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93 Cards in this Set

  • Front
  • Back
What were some of the major discoveries/insights in medical microbiology?
invention of microscope, smallpox vaccine discovery, development of the germ theory, connection between hand washing and disease prevention, discovery of penicillin
Over what time period did the major discoveries in medical microbiology occur?
microscope discovered in mid-1600's, mid- to late 1800's was the boom of information, some important discoveries made in early 1900's
What are Koch's (classical) postulates?
-The microorganism should be in all cases of suffering animals but not in healthy animals
-It should be isolated from the sick and grown in pure culture
-When innoculated into a healthy animal it should cause the same disease
-It should be re-isolated in pure culture from this experimental animal
What are Koch's (molecular) postulates?
-The phenotype in question is associated with the pathogenic members of a genus/strain of a species
-Inactivation of suspect virulence gene(s) should decrease pathogenicity
-Reversion or allelic replacement should restore pathogenicity
What are the major differences between prokaryotes and eukaryotes that can be exploited to combat disease?
-lack of cell wall in eukaryotes
-prokaryotic chromosome is circular
-lack of membrane bound organelles in prokaryotes
-reproduction by binary fission in prokaryotes
gram positive envelop structure
capsule-->thick peptidoglycan layer-->plasma membrane
-peptidoglycan layer connected by pentaglycine bridge
-teichoic acids protruding from peptidoglycan
gram negative envelop structure
capsule-->outer membrane with LPS on outer leaf-->thin peptidoglycan layer in periplasmic space-->inner membrane
-contains porins
What is peptidoglycan?
A component of the cell wall made of peptide and carbohydrate. Prevents osmotic rupture of the cell. Thick in gram +, thin in gram -
3 compartments of cell wall synthesis
-Cytoplasm: basic peptide formation
-Inner membrane: carbohydrate residue added
-Periplasmic space/outside cell: subunit produced is added to existing cell wall components
what general group of bacteria produce endotoxin (lipid A)?
Gram negative. Endotoxin is a component of LPS
What is the toxic component of endotoxin?
Fatty acid residue in the lipid A structure
What are the physiological effects of endotoxin on the host?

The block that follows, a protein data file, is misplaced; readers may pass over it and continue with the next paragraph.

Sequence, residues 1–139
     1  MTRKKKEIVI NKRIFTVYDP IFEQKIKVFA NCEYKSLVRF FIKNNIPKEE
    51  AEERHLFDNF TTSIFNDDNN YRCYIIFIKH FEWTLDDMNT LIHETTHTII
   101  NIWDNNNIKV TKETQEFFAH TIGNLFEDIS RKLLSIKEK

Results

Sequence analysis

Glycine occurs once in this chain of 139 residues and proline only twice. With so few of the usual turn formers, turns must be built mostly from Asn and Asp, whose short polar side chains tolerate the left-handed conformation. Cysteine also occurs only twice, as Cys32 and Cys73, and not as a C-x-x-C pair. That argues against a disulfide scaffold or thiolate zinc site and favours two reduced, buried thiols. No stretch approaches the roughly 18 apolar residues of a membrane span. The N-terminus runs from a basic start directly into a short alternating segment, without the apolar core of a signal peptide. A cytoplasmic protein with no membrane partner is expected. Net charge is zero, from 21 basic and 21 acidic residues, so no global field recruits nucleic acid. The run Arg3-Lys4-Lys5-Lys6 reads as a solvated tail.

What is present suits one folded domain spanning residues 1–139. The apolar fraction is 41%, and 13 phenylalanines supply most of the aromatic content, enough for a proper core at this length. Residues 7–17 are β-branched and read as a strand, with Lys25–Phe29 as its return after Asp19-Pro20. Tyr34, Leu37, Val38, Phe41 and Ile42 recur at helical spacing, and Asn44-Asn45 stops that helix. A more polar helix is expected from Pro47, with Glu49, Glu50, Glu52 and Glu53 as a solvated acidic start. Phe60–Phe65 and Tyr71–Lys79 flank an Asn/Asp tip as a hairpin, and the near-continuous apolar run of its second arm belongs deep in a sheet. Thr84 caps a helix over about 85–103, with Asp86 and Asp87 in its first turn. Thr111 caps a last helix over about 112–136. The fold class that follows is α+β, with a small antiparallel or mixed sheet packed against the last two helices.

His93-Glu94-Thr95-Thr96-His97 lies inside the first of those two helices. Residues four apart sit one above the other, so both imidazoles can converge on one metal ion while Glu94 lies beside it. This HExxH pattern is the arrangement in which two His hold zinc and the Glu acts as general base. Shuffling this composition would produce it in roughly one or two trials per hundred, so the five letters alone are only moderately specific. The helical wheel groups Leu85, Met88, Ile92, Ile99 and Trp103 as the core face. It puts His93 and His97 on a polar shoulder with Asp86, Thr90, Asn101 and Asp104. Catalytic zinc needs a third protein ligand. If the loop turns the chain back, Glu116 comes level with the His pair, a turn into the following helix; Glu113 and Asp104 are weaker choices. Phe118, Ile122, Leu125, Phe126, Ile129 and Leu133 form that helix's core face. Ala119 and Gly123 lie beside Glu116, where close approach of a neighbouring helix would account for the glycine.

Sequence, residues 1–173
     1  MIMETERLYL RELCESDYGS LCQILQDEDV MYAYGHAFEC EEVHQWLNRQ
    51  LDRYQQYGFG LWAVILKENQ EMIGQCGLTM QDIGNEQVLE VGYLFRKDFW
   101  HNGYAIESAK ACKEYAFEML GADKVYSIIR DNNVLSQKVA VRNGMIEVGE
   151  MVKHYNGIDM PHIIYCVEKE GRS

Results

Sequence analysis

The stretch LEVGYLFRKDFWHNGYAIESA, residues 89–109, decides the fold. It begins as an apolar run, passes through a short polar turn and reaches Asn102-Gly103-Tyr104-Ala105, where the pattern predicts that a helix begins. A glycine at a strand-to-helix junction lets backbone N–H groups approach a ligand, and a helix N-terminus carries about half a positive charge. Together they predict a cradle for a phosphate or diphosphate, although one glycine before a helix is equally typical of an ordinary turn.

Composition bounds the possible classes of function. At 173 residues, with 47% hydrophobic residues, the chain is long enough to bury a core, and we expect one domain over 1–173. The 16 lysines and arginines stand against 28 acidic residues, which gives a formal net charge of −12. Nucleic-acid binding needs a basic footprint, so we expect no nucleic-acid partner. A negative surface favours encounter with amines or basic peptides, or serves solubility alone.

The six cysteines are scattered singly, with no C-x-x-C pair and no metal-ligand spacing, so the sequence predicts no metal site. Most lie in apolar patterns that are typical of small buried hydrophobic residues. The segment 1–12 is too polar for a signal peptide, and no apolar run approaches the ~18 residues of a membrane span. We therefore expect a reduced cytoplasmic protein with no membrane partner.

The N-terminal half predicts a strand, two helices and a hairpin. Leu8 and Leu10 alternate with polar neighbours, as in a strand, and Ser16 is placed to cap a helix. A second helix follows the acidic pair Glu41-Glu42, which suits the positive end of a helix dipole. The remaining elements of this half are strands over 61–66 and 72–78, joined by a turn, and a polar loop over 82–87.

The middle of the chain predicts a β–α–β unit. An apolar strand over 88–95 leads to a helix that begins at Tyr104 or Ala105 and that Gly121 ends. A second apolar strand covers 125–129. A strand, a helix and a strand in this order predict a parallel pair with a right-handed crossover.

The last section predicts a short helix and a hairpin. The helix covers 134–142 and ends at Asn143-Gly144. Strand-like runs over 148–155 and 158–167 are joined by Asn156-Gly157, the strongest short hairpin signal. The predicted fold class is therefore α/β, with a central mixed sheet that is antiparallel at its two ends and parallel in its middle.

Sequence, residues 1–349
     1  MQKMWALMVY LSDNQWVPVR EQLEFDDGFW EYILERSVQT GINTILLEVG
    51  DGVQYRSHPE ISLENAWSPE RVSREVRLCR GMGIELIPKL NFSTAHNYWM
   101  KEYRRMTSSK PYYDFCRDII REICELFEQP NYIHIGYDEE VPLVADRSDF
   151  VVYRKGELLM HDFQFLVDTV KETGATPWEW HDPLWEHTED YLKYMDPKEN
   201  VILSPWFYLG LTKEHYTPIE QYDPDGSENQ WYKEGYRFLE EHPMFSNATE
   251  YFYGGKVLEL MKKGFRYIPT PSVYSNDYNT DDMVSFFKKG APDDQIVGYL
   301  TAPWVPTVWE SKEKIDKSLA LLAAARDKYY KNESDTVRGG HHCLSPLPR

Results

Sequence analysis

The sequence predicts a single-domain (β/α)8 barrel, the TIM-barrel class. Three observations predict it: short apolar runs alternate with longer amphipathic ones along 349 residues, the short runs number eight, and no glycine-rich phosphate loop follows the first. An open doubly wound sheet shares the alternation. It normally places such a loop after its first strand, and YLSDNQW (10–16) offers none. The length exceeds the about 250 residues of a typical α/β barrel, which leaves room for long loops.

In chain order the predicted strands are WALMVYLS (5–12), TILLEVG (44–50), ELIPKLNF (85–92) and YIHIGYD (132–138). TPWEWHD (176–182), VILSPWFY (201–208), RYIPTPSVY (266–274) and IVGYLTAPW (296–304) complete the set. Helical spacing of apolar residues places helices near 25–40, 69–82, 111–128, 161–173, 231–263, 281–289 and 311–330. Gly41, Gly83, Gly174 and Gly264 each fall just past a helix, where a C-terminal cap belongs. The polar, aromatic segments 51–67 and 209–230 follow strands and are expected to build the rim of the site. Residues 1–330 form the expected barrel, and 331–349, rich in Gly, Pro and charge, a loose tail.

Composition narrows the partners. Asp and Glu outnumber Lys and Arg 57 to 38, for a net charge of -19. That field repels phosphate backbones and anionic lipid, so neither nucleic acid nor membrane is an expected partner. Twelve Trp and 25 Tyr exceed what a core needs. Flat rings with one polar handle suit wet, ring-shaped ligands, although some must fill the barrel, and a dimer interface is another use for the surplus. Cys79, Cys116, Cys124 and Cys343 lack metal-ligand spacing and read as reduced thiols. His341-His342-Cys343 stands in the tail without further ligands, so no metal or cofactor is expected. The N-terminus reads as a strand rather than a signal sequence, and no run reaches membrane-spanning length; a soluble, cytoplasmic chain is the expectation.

Septic shock (release of CKs when large numbers of bacteria are lysed) due to imbalance of pro- and anti-inflammatory mediators
What is the function of A and G proteins?
These proteins provide a form of host mimicry by causing immunoglobulins to bind "backward" on the bacterial cell (Fc portion binds instead of Fab)
What are A/B toxins?
2 subunit toxins
examples: Shigella toxin, E. coli heat labile toxin
Which component of A/B toxins confers the toxicity?
A is the toxic component
B is the binding component
What is the purpose of a siderophore?
Iron acquisition
define normal flora
the microorganisms present on or in a host that do not produce a pathology
The ability of a microorganism to cause disease in a host. Qualitative description
The strength of a microorganisms ability to cause disease in a host. Quantitative descritpion
What is the framework for describing host-microbe interactions?
Encounter, Entry, Spread, Multiplication, Damage, Outcome
What are the 3 possible outcomes of a host-microbe interaction?
host wins--microbe is removed
microbe wins--host is killed
co-existence--neither host nor microbe is harmed
establishment of a host-pathogen interaction
an alteration of body organs to the point that normal body functions are disturbed
extrachromosomal DNA fragments in circular form only found in bacteria
Which is better at separating particles based on size during electrophoresis: agarose gel or polyacrylamide gel?
Polyacrylamide gel. It has smaller spaces between molecules, so it better separates particles
Real time PCR
quantitative study of how much of a product is replicated over time
restriction fragment length polymorphism (RFLP)
Use of restriction enzymes to fragment DNA before gel electrophoresis
Pulsed field gel electrophoresis (PFGE)
use of alternating current during electrophoresis to separate large fragments from small